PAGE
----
From singing onstage at the variety show to circling the lunch tables on Valentine’s Day, the all-male a capella group, Nine, puts their own special twists on musical numbers, according to co-choir Director Andrew Toniolo. Toniolo explains the intent behind the formation of the group, which was to encourage more male involvement in the choir program.
“Singing is a very exposing thing and I think it goes against the grain of what a guy thinks [he’s] supposed to do,” Toniolo said. “You have to show your emotion, you have to move and be sentimental. [I think that] sometimes for a teenage or middle school boy, that’s not what [he thinks he’s] supposed to be doing.”
Toniolo also says that after the group was established in the early ‘90s, it began to take off and become more widely known. The musical arrangements created largely by Marty Sirvatka, former choir director, played a role in Nine’s success, according to Toniolo.
“Eventually [Nine] was one of the things that helped grow the choir program,” Toniolo said. “Taking that over is a huge responsibility for me [and] is an honor as well, but it certainly comes with a lot of challenges and a lot of cool traditions to uphold as well. It is one of the fibers here in Glenbrook South.”
Senior member Jack Taylor recalls the first time he encountered the group, which was at the fall concert during his freshman year.
“I was just sitting there in the audience and then all of a sudden the Nine guys just walked up onstage and they started doing their stuff,” Taylor said. “I was so blown away and I was like, ‘That’s what I want to do when I’m older in highschool. I want to be a part of [Nine] because that group seems awesome.’”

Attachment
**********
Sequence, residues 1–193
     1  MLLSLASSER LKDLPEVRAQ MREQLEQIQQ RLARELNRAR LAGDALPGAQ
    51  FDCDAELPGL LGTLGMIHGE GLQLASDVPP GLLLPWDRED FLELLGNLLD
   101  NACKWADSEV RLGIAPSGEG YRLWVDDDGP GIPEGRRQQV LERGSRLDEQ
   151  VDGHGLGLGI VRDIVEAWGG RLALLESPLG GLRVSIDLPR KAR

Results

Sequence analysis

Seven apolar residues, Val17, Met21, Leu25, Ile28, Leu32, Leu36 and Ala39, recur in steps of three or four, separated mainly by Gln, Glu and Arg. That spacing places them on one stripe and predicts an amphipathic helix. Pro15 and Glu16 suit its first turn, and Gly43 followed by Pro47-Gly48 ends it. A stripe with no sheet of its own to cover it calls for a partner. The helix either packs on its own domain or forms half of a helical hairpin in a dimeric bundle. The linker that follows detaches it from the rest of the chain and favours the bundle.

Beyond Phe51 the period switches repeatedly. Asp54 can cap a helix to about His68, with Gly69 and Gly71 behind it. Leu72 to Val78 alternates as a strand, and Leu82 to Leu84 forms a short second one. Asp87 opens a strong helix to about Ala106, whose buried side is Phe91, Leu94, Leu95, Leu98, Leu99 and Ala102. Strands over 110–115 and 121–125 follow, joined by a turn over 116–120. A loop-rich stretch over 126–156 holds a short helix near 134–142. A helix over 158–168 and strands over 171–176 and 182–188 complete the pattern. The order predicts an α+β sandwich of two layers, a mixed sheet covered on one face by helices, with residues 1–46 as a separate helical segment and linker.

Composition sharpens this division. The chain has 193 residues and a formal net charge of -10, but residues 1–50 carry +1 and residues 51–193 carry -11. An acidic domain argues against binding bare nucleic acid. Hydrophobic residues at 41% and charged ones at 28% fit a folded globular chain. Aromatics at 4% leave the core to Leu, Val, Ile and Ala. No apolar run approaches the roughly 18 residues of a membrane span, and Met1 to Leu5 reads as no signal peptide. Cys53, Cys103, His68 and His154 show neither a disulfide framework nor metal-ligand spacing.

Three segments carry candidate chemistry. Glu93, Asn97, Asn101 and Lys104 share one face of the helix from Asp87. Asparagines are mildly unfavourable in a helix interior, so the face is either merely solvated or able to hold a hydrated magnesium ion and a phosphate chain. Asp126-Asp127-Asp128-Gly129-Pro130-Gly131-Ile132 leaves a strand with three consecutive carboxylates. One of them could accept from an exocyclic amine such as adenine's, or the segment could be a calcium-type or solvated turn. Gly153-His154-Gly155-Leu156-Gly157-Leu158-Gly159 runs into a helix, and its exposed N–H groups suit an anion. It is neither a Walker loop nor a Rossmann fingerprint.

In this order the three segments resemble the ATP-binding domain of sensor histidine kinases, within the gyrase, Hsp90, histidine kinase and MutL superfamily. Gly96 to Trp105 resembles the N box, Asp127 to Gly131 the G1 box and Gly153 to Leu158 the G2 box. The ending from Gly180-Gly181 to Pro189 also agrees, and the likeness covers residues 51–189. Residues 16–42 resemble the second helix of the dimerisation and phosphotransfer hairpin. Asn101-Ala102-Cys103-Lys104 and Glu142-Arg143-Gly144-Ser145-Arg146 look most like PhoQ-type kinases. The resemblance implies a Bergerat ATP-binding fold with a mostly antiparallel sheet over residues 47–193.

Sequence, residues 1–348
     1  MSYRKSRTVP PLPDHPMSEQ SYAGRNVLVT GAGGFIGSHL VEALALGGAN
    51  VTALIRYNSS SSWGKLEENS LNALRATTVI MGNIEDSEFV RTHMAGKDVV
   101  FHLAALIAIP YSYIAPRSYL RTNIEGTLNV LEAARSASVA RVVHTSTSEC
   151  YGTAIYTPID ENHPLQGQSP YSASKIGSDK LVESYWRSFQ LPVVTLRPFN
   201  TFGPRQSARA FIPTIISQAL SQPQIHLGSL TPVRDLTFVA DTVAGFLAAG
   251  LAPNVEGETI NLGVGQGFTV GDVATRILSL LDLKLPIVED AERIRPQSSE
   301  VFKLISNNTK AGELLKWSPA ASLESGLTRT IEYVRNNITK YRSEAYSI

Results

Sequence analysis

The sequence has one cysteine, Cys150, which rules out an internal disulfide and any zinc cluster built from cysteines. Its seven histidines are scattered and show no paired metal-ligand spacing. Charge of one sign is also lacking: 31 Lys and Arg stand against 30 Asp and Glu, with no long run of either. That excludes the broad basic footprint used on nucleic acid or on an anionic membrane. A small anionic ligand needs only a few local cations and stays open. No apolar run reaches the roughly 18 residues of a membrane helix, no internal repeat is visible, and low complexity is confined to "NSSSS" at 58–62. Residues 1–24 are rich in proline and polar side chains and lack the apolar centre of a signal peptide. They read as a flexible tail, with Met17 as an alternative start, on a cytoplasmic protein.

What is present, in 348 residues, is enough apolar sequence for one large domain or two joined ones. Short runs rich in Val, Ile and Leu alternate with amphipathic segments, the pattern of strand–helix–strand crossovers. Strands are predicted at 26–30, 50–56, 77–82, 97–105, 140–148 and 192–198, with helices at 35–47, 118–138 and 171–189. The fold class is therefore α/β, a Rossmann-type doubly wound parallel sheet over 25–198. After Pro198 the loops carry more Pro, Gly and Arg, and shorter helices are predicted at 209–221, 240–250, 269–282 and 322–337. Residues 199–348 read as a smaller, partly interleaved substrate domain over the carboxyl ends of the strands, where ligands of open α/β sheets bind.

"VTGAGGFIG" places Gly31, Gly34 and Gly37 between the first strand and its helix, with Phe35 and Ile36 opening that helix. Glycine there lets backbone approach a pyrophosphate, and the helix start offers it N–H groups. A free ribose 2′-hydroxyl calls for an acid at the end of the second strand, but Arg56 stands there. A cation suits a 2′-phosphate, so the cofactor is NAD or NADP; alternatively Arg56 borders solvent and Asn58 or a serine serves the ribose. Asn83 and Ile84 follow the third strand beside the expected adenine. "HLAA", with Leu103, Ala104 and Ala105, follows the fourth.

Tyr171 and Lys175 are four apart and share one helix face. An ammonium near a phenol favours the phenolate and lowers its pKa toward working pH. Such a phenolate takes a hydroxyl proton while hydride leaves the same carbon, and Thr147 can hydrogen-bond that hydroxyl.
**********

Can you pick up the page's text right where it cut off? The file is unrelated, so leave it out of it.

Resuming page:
Taylor says he first began singing in sixth grade when he heard his music teacher singing and wanted to be able to sound as good as her. Since then, Taylor’s goal for each year has been to improve both as a person and as a musician. According to Taylor, Nine has begun to get to know each other in their first rehearsals this school year.
“You are with these people for such a long time, you just sort of grow into a […] family of your own,” Taylor said. “You are a smaller group of people and you get to see those people once a week. It is [very much a] group effort and I feel like if one person is gone, it’s like half of us [are] gone almost.”